Sunday, January 29, 2006
Michelle Hanlon (University of Michigan Business School), Stacie Kelley Laplante (University of Georgia) & Terry J. Shevlin (University of Washington Business School) have published Evidence for the Possible Information Loss of Conforming Book Income and Taxable Income, 48 J.L. & Econ. 407 (2005). Here is the abstract:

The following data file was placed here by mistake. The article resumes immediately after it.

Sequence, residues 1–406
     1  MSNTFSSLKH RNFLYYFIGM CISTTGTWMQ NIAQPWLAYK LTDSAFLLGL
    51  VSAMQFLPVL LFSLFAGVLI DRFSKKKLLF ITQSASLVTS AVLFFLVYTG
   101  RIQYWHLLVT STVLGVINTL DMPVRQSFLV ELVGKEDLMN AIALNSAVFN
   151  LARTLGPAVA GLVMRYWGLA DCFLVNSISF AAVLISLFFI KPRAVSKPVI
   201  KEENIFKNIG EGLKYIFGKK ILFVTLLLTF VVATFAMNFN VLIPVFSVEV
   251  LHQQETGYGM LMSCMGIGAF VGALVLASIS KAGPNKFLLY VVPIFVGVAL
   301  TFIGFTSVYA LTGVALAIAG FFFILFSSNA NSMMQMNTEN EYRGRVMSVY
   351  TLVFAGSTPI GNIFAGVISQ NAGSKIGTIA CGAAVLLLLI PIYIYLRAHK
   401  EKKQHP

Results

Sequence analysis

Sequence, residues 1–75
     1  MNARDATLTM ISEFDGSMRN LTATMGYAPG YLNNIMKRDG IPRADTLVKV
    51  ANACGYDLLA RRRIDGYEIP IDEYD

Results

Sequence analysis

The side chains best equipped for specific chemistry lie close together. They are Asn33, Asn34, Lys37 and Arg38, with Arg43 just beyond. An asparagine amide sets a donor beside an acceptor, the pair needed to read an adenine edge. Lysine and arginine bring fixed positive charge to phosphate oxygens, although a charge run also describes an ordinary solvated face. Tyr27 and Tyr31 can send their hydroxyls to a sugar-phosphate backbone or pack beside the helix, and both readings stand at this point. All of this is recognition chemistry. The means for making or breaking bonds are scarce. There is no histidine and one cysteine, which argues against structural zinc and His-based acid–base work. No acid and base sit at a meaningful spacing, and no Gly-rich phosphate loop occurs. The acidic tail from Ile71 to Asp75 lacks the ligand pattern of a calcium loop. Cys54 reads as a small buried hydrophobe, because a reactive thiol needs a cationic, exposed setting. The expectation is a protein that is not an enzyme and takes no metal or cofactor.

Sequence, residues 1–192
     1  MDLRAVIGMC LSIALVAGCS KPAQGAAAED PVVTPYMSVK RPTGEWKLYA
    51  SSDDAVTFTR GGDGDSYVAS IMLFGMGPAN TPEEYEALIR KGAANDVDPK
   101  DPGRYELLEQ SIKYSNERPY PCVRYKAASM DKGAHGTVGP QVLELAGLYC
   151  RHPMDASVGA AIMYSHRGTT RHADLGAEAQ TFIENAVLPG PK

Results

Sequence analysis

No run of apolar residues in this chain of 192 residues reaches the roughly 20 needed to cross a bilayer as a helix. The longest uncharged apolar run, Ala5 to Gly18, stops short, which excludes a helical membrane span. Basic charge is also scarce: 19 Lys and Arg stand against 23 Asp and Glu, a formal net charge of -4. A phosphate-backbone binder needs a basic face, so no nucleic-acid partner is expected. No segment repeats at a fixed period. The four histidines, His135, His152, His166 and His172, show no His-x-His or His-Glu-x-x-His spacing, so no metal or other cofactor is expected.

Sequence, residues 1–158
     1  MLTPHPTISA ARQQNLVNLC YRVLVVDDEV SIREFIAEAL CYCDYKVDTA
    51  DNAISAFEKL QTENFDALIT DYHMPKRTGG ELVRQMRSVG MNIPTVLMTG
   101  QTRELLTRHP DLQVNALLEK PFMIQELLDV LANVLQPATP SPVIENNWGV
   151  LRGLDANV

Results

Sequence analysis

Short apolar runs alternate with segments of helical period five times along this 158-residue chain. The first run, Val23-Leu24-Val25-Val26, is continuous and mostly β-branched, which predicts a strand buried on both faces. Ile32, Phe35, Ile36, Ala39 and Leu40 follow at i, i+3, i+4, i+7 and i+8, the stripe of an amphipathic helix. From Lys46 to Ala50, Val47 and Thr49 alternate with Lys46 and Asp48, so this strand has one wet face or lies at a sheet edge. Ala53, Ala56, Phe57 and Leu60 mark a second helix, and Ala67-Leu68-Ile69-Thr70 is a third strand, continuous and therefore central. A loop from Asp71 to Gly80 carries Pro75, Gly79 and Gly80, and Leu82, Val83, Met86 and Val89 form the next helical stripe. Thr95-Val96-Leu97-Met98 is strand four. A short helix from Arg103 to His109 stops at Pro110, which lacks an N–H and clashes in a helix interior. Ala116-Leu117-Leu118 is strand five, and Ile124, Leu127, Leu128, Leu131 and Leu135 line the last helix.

Recent corporate accounting reporting scandals and aggressive corporate tax shelters have led for calls for regulatory reform. One such call is to conform (or reduce the gap between) the calculation of book and taxable income. Proponents of conformity focus on perceived benefits while ignoring possible costs. We examine one possible cost: the loss in information content to investors if one measure is removed from the information set. We provide evidence on this possible loss by examining the relative and incremental information content over the past 20 years of book and (estimated) taxable income for a large sample of firms. We find book income exhibits significantly greater relative explanatory power while both exhibit significant incremental explanatory power. Conforming the two measures at a minimum results in the loss of incremental explanatory power and if book income is conformed to the tax rules, an estimated 50% loss in the explanatory power of earnings.